Little Catwick Quarry (G-B): Ancient henge discovered

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Thousands of years ago it would have stood proud on the horizon, a striking monument which could be seen for miles. The circular monument lay hidden for centuries under farmland, its existence only hinted at in crop marks, spotted in aerial surveys.
Little catwickAerial picture of the excavations at Little Catwick Quarry
But over the past three months archeologists have been hard at work bringing to light what they believe could be East Yorkshire’s first Woodhenge - as in Stonehenge without the stone - at Little Catwick Quarry near Hornsea. And it could have been used for ritual cremation - or even a sauna. Built at least 4,000 years ago in the late Neolithic to Bronze Age, it was constructed out of a series of wooden posts. Later an encircling ditch and bank was added with two opposing entrances, one facing north west, the other south east. Intriguingly a pit was discovered in the middle of the henge containing heavily burnt stones, while others were found discarded in the entrances.

Lead archaeologist John Tibbles said the discovery of the Woodhenge was “exceptionally rare” - so rare they were asked to handsieve the contents of the surrounding ditches totalling 95 tonnes. He added: “Normally when you mention ritual, archeologists laugh.
“But in this case it was ritual, it was a meeting place, where all the little groups could come together. We found a lot of burnt stones, but they weren’t burned in situ and therefore we think you could have ritual cremation there. “It is possible that bodies were brought there to be cremated and then the remains buried elsewhere.

Little catwick2The intriguing pit of burned stones found at Little Catwick Quarry
There could be links with Sandsfield, a mile away, where there was a cemetery with a ring ditch with 37 urns, dating to the late Neolithic early Bronze Age.” However discoveries at Marden Henge in Wiltshire have been throwing a new light on the way henges may have been used in Neolithic Britain and another possibility could be that at some time it was used as a sauna.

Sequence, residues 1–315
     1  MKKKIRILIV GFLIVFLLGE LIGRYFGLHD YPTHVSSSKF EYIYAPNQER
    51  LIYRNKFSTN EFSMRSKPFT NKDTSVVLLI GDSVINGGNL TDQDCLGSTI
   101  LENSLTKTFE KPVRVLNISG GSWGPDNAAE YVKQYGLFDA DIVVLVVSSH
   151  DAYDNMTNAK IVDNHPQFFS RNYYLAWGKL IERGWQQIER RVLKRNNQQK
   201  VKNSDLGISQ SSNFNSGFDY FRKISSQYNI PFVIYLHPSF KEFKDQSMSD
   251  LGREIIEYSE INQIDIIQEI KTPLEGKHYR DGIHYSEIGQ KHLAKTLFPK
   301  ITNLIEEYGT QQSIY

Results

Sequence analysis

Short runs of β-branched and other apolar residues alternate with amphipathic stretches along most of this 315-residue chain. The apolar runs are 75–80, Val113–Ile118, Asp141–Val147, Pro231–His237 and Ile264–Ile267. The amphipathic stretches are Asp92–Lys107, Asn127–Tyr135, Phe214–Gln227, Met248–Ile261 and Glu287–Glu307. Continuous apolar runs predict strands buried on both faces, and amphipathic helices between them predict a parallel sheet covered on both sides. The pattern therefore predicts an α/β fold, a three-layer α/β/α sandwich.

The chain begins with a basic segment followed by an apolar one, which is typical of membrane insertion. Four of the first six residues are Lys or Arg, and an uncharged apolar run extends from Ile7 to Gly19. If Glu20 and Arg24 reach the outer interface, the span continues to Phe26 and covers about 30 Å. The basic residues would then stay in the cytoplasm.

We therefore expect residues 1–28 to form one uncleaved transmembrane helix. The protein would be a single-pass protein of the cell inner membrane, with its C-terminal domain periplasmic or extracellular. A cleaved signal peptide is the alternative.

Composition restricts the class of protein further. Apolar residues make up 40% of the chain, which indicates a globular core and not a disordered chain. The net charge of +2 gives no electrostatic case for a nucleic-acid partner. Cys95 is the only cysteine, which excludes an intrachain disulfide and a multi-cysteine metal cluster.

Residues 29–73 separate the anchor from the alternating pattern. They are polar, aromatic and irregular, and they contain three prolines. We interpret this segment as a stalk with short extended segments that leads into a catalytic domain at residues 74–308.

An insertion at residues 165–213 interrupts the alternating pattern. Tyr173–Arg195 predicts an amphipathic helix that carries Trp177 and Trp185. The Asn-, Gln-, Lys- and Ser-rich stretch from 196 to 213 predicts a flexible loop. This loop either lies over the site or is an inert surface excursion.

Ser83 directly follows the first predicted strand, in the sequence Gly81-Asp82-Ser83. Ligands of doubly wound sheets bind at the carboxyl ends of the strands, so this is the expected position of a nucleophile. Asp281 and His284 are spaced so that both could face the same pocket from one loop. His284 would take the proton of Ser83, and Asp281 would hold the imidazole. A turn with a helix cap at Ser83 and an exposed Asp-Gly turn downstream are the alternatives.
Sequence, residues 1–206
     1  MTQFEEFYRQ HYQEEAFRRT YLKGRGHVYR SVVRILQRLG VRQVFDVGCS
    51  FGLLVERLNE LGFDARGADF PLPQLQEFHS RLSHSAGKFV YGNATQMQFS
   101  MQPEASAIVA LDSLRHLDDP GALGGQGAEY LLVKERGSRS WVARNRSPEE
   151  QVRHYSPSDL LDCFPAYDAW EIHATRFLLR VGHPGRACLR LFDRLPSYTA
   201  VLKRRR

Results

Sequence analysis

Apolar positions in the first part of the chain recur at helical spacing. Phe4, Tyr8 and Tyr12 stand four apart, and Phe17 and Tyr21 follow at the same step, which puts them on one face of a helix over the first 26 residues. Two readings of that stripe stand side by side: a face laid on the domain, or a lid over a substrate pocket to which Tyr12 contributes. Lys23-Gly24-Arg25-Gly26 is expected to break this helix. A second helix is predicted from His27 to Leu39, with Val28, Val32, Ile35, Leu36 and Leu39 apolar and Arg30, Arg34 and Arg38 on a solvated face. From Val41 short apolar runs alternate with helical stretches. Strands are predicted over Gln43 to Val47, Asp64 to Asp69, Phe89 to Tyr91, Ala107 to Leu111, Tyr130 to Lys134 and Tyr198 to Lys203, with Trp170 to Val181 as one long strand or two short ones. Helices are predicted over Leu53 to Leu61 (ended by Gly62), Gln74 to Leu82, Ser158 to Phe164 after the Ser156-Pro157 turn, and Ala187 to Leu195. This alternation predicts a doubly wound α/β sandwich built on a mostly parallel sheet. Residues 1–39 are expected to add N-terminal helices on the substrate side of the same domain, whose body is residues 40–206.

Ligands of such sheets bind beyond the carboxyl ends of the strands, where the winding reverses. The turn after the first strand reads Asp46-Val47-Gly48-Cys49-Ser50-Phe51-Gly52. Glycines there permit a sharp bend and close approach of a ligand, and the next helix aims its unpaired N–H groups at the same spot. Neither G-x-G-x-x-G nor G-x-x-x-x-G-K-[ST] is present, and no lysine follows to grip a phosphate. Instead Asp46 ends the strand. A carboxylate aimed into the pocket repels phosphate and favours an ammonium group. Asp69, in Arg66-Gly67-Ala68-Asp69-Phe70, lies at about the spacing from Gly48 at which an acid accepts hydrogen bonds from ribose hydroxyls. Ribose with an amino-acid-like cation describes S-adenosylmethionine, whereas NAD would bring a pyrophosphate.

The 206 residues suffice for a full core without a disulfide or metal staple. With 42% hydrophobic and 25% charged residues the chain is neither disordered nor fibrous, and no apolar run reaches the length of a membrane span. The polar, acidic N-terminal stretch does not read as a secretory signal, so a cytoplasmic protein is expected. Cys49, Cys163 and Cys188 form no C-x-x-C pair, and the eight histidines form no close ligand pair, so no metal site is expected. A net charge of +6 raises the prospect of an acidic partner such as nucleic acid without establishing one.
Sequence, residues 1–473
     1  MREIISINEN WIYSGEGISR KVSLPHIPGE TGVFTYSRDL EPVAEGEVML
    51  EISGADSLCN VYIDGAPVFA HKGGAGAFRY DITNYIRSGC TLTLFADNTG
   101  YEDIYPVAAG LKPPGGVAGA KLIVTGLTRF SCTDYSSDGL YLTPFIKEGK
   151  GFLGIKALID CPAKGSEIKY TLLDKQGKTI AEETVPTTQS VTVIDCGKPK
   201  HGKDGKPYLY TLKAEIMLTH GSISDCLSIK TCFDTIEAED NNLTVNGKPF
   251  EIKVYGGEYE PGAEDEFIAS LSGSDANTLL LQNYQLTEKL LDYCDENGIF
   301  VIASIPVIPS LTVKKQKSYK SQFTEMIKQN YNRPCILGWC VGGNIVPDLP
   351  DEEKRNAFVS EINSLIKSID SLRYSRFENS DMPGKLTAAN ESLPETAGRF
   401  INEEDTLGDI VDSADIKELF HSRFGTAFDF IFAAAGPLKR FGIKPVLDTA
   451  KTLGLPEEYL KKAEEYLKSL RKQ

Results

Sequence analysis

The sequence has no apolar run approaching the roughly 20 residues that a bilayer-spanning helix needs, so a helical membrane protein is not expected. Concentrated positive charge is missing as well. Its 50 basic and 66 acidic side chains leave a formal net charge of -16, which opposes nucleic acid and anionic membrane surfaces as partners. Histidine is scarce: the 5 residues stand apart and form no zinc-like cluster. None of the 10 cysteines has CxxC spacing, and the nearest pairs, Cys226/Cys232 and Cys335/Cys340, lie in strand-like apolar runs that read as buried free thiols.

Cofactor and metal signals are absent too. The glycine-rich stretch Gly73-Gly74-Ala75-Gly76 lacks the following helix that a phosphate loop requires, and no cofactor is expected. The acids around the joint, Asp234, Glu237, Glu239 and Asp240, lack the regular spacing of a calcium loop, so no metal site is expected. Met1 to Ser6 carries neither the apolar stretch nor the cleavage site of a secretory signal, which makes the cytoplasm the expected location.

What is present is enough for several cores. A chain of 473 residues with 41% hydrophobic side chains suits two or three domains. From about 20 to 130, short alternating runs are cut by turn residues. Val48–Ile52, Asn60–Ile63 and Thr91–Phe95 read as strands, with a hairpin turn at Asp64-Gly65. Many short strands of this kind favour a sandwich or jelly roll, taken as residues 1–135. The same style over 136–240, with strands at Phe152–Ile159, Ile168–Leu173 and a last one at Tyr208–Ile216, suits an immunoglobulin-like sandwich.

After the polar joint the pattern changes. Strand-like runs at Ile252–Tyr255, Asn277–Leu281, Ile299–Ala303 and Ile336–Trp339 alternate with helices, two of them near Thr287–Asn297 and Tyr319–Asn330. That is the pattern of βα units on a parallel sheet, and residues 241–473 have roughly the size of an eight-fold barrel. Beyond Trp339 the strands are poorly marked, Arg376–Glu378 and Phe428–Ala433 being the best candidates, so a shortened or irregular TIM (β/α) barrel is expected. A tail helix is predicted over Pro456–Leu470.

Finds there suggest people were heating up stones on an external fire then carrying them into a building and placing them on an internal hearth. People then sat around it on a ledge, pouring water onto the stones to bask in the steam in the same way native American Indians used sweat lodges. It sounds unlikely but there have been similar finds, including a Bronze Age sauna on Orkney. Mr Tibbles said: “I’d like to totally dismiss it - but they have had them in Finland for 2000 years and there is Marden Henge.” In the Spring the henge will be dug up as the quarry is extended. However Mr Tibbles said the site had been painstakingly and methodically recorded under the supervision of the county archeologist. Only one other henge has been discovered in East Yorkshire. Two years ago the Neolithic site, at Northorpe, near Hornsea, which was only recently identified in an aerial survey, was given special protection by Historic England.
A circular space with a ditch and a bank on the outside, it has been flattened by years of ploughing and was only visible as dark crop marks from the air. Little Catwick is the largest privately-owned sand and gravel quarry in Yorkshire. Apart from aggregates, it has yielded some amazing finds, including a mammoth tusk and a 4000 to 5,000-year-old highly-polished Cumbrian greenstone axe. Mr Tibbles has been working at the quarry for seven years and says the site is “absolutely heaving” with prehistoric to late Roman finds. Managing director John Bird said the henge “is a really interesting find and is something worth recording - it’s our heritage.”